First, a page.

2020 – It’s a New Year – Actually it’s a New Decade


Wow where has the last year gone? Actually where has the last decade gone? Anyone remember Y2K?

One year, 10 years, 20 years….wow did they go as fast for you as they did for me? And how many of us have made a New Year’s Resolution each year to make next year better than the last? Especially when it comes to finances.

According to an article in Forbes Magazine published in January 2019 just one year ago and one year later than the 2018 PEW Research article mentioned below, as well as a 2017 CareerBuilder study found that 78% of U.S. workers are living paycheck to paycheck. See a pattern? Year after year different studies and research find the same results. What do they say the definition of insanity is? Isn’t it; keep doing the same thing and expecting different results.
Who are these people? Are they people living below the poverty level. No, in fact many are earning by many standards a good income. CareerBuilder reported nearly one in 10 workers making $100,000+ live paycheck to paycheck.

Here are some other crazy statistics reported in Forbes;
• Nearly 3 in 4 workers say they are in debt – and more than half think they always will be
• More than half of minimum wage workers say they have to work more than one job to make ends meet
• 28% of workers making $50,000 – $99,999 usually or always live paycheck to paycheck, and 70% are in debt

Clearly the Financial Matrix is alive and well as many people have fallen victim to the fact that Financial Literacy is not being taught in our schools. I believe a certain level of financial literacy should be a requirement to graduate from Middle School and a greater level of literacy at the High School level. You may ask how and why should we expect a certain level of financial literacy even at the Middle School level? I live in Central Pennsylvania where a significant number of my friends come from an Amish and Mennonite background and many of them attend school until the 8th grade (Middle School). For many of these families this age group enters the work force and many even become entrepreneurs, if not immediately soon after. This takes an understanding of handling money, investing in their business, understanding cash flow, operating budgets, and concepts such as credits and debits. You are never too young to learn about money, something that affects our lives forever, even after we die, think inheritance and legacy.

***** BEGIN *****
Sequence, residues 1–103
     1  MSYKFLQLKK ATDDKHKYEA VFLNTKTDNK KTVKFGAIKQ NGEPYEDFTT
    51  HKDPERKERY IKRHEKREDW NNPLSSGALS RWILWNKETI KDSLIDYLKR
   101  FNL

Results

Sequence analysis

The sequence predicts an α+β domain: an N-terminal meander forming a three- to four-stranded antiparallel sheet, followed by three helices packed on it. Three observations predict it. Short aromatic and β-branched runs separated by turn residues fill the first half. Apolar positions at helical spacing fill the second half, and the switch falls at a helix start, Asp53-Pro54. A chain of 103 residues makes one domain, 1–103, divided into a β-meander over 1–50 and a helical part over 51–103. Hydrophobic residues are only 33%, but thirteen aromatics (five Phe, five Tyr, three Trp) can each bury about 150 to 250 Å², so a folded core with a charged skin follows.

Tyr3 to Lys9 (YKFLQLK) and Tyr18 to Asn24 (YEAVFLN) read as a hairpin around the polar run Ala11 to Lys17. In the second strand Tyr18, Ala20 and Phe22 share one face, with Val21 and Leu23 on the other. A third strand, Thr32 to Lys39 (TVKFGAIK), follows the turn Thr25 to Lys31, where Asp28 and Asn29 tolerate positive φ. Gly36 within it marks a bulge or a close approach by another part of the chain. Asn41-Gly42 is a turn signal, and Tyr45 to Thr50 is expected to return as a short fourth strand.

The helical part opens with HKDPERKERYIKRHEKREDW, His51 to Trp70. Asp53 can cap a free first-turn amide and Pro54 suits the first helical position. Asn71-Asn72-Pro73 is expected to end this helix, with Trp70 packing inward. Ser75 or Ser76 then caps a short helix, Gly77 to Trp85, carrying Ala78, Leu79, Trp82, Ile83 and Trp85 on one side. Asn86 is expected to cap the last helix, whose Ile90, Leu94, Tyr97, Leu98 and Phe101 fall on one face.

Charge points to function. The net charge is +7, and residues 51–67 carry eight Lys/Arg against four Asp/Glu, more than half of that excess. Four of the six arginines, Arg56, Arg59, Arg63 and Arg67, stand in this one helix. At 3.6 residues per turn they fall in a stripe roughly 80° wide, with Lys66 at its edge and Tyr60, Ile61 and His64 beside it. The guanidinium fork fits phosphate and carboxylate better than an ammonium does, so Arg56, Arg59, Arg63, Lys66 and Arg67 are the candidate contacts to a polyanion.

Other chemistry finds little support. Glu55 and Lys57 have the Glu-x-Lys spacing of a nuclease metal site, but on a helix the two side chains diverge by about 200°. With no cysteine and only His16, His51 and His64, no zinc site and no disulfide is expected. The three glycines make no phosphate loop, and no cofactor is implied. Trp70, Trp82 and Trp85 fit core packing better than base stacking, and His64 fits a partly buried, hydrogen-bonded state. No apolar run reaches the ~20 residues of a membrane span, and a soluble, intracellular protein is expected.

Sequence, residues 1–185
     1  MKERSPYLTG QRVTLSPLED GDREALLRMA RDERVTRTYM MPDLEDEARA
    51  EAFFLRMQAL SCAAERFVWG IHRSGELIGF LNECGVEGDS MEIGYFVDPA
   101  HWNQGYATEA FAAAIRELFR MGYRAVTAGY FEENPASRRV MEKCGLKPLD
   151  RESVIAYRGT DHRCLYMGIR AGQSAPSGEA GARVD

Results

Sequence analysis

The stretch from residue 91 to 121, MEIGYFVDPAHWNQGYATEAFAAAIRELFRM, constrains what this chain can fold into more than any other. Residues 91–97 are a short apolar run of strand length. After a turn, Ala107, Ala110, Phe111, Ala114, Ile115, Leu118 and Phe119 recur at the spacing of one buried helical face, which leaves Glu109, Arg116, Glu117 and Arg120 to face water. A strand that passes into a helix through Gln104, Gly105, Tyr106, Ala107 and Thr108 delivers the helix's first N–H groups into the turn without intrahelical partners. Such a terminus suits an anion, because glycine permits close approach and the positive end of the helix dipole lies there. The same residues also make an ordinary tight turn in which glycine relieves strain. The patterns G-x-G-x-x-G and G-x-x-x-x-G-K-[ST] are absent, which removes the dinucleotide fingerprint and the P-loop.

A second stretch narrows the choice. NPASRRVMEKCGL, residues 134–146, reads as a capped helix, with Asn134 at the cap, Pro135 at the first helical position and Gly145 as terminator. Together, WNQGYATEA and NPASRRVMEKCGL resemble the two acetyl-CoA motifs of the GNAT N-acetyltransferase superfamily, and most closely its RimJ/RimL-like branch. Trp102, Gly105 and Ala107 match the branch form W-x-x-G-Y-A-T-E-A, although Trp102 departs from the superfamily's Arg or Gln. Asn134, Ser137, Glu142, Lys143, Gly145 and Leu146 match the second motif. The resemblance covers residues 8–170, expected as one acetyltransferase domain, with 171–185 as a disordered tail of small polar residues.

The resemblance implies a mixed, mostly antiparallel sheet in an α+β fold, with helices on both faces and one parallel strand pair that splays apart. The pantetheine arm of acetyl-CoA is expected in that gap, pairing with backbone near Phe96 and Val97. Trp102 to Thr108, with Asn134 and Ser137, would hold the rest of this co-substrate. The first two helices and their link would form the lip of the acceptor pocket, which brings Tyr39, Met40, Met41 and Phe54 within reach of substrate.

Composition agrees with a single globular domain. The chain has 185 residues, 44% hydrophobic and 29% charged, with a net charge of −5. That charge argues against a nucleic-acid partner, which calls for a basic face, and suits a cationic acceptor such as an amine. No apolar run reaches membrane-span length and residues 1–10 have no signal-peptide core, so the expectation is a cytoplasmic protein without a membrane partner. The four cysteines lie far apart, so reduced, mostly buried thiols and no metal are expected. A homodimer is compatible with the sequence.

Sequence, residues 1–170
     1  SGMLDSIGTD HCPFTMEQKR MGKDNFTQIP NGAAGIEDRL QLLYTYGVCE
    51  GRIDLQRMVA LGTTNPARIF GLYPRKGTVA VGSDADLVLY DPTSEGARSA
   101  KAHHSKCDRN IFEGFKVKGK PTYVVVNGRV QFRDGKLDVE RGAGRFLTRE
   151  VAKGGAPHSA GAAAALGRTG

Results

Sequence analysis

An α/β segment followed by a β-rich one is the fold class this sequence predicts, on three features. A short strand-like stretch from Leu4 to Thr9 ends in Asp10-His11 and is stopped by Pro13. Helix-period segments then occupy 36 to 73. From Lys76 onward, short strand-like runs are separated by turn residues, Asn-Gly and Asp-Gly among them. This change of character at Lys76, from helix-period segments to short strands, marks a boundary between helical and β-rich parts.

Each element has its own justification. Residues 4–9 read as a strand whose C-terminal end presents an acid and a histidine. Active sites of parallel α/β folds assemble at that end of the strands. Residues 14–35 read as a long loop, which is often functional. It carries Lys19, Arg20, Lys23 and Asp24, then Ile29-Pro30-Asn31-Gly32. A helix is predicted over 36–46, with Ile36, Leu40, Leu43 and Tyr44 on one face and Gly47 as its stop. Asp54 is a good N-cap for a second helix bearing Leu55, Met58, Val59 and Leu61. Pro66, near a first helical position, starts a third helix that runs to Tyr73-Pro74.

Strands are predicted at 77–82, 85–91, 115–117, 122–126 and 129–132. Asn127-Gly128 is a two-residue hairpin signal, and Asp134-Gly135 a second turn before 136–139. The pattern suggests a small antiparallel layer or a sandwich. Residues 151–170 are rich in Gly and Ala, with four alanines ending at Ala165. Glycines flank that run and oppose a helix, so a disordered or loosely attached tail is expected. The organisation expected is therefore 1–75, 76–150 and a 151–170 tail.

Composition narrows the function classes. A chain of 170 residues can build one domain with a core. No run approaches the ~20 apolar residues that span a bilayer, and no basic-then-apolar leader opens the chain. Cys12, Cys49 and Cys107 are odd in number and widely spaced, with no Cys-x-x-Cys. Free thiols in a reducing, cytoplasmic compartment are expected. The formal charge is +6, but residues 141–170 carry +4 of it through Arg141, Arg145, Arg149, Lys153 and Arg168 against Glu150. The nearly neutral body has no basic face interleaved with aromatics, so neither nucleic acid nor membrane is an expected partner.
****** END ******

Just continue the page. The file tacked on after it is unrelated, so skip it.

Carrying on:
What are some changes we can make right here and right now? Let’s see what the most financially successful investor of our time Warren Buffet says…

In two CNBC make it Articles published; May 10 2018 on Money, and Apr 30 2019 about Power Players, Warren Buffett says avoid debt at all costs. If legendary investor Warren Buffett could give one piece of advice to young people, “it would be just to don’t get in debt,”. He told this to a 14-year-old shareholder at the 2004 Berkshire Hathaway annual meeting.
“It’s very tempting to spend more than you earn, it’s very understandable,” he said. “But it’s not a good idea.” And if you’re deep in the red, it may be a good idea to “never look at a credit card the rest of [your] life,” Buffett added.
Warren Buffett, who is worth nearly $89 billion according to Forbes, is famous for spending only $3 a day on breakfast. Buffett said he uses cash “98% of the time. Buffett’s tendency to use cash puts him in the minority among Americans. Using cash, however, can actually be a good way to save money. And researchers have found that physically handing over money feels painful, making you less likely to do it.
In 2018, only 18% made “all or almost all of their purchases” with cash, according to the PEW Research Center. About half (52%) of Americans made “some” of their purchases with cash and 29% made none of their purchases with cash.

That is over 80% which is very similar to the percentage of people who are 90 days from bankruptcy. In other words if they did not have a check come in for 90 days they would have to start selling items to pay their debt obligations.

So….What changes are you going to make in 2020 that you promised yourself you were going to do in 2019, and maybe also in 2018, 2017, 2016, and 2015?

Now is the time! Let’s make 2020 a New Beginning.

Get Financially Fit.

A.G. Gaston’s 10 Rules

While on a trip across country, My wife and I had the opportunity to visit the Civil Rights Institute in Birmingham Alabama.